Georgia to Teach Evolution, but Avoid the E Word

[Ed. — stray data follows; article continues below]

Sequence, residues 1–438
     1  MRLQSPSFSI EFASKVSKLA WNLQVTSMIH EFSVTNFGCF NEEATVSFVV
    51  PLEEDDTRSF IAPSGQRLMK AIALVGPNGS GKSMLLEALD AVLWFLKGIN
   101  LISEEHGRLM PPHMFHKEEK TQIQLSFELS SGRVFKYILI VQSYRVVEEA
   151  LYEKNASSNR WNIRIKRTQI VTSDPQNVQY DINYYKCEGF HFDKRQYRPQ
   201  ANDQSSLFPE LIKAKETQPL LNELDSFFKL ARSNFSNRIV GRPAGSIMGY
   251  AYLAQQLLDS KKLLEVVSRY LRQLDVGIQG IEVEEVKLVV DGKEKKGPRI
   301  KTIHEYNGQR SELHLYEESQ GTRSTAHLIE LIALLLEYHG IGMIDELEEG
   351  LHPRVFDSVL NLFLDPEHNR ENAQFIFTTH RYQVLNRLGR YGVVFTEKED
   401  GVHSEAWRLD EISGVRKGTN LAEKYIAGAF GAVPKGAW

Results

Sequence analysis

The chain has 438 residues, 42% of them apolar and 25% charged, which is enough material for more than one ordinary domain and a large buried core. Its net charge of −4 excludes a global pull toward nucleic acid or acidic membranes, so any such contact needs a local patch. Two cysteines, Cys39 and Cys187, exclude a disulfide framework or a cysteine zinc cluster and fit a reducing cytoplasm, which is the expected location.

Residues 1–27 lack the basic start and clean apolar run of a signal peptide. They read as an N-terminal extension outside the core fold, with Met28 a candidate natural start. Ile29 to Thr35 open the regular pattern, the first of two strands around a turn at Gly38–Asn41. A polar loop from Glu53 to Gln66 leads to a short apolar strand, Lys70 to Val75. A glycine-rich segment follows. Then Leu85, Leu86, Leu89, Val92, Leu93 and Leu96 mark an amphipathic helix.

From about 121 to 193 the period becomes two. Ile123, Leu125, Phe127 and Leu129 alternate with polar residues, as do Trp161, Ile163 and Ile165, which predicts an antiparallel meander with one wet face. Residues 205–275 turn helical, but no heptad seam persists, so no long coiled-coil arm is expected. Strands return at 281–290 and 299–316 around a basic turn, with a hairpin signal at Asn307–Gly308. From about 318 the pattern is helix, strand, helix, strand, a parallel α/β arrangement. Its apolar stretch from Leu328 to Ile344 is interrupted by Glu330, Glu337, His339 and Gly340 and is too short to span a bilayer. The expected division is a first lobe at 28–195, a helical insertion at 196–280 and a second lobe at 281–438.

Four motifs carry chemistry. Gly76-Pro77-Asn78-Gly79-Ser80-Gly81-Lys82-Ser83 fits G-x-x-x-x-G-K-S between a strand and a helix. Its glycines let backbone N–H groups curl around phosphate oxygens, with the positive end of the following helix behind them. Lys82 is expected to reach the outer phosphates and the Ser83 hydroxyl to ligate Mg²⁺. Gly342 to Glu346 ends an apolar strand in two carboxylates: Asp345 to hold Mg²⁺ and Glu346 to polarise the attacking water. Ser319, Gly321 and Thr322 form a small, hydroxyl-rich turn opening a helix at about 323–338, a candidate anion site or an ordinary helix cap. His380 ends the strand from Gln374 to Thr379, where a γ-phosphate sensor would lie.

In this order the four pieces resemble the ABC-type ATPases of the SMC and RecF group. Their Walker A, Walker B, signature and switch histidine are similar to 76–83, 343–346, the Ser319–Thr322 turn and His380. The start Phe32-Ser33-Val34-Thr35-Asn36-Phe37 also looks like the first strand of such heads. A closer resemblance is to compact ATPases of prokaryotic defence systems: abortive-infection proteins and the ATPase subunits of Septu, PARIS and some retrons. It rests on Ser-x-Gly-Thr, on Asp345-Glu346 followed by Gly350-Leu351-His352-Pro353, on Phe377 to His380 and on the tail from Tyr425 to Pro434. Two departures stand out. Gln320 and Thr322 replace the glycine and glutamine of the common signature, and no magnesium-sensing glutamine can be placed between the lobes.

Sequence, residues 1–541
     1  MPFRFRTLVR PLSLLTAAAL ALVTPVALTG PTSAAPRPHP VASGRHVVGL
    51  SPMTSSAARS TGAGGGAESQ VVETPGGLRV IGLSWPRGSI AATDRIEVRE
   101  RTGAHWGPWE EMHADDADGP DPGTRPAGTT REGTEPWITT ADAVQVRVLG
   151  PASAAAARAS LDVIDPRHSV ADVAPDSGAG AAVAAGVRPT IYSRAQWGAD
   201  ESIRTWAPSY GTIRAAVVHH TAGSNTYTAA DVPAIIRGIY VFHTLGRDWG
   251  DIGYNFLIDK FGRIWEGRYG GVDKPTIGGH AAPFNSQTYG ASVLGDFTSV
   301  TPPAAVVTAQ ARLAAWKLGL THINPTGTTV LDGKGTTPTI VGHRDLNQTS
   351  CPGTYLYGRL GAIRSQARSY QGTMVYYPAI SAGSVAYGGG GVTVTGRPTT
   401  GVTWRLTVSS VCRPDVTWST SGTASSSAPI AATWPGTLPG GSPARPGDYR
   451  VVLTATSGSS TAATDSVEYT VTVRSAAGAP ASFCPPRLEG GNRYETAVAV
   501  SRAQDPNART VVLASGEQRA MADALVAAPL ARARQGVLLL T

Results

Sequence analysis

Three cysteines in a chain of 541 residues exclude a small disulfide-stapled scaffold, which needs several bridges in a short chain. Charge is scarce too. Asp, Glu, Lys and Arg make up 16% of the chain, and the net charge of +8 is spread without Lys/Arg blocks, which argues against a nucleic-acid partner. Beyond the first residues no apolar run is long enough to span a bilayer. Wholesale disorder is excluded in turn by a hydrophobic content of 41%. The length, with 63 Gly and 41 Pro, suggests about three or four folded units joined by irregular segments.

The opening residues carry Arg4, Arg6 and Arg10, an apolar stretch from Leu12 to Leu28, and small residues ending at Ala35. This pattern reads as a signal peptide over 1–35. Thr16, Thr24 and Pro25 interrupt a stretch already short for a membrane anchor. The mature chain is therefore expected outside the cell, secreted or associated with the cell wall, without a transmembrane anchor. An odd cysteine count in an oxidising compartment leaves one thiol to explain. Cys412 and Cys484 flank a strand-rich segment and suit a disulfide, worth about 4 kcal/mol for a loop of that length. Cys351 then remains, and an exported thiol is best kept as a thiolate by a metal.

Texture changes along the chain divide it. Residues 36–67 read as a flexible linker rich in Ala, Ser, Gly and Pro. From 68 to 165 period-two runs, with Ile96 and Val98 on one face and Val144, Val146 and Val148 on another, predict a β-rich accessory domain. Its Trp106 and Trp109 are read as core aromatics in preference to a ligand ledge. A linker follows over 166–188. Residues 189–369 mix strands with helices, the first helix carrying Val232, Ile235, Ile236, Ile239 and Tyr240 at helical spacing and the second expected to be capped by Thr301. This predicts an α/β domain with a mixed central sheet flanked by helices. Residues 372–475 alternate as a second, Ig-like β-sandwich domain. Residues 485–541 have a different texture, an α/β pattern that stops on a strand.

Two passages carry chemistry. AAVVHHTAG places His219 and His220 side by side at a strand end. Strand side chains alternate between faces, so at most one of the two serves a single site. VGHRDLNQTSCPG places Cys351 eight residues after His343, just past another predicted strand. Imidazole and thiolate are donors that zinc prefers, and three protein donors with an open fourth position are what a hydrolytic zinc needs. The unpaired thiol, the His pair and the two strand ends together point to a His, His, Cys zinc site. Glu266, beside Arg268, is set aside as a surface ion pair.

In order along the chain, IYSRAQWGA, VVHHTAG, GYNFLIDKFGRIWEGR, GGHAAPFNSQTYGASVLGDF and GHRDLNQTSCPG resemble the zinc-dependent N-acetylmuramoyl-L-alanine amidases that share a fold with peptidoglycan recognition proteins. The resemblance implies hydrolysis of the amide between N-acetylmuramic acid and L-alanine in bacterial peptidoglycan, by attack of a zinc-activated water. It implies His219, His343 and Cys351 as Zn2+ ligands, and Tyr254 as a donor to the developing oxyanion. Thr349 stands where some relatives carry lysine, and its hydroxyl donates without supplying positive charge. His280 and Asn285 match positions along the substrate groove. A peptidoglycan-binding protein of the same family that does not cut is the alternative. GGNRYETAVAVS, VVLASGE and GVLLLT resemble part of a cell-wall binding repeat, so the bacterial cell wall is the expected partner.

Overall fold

first_imgIt’s not “evolution,” it’s “biological changes over time,”  asserts Georgia Superintendent of Schools Kathy Cox.  But sometimes good intentions can make both sides of a dispute upset, reports MSNBC News.  Pro-evolutionists think the state is trying to water down the teaching of evolution, and anti-evolutionists think changing the word does not change the meaning.  Cox explained that the suggestion does not alter textbooks or forbid teachers from using the E word.    No one seems to like the idea, however.  Former President Jimmy Carter was incensed: “As a Christian, a trained engineer and scientist, and a professor at Emory University, I am embarrassed by Superintendent Kathy Cox’s attempt to censor and distort the education of Georgia’s students.”  A Democratic Congressman thought the move was throwing a bone to the conservatives, but a Republican reacted negatively for different reasons: “It’s stupid.  It’s like teaching gravity without using the word gravity.”  The suggestion appeared in a draft of a revised science curriculum, to be debated in public hearings and voted on by the Georgia school board in May.In the cartoon strip Hagar the Horrible, the Viking marauder once warned his shipboard cook, the milktoast born loser Lucky Eddie, that the crew was so sick of fish balls for breakfast, lunch and dinner, that if he didn’t come up with a new recipe he would be tossed overboard.  Later, with a look of triumph, he lifted the cover on his latest concoction.  “What’s that?” the curious crew members inquired disdainfully.  Lucky Eddie proudly announced, “fish cubes!”  (Last frame deleted due to violence.)    The problem with evolution is not the E word itself.  It’s the content associated with the word.  When Darwin wrote The Origin of Species, the word evolution was not even in vogue; most called it “transformism” or common descent.  The issue is, do we want students to be taught a philosophy (naturalism) as science?  Do we want them hearing one side of a very controversial idea, that humans evolved from bacteria, an idea not only lacking proof but contrary to the best established scientific laws?  Then teach the controversy about the concept of evolution rather than try to remove controversy through euphemism and appeasement.    The only thing dumber in this story than Cox’s proposal is President Carter’s reaction to it.  If he really were embarrassed by the censorship and distortion going on in Georgia public schools, he would advocate the overthrow of the Darwin Party’s totalitarian regime that forbids debate over evolution.  And if he were a true Christian or scientist or both, he would be incensed at science falsely so called.(Visited 12 times, 1 visits today)FacebookTwitterPinterestSave分享0last_img read more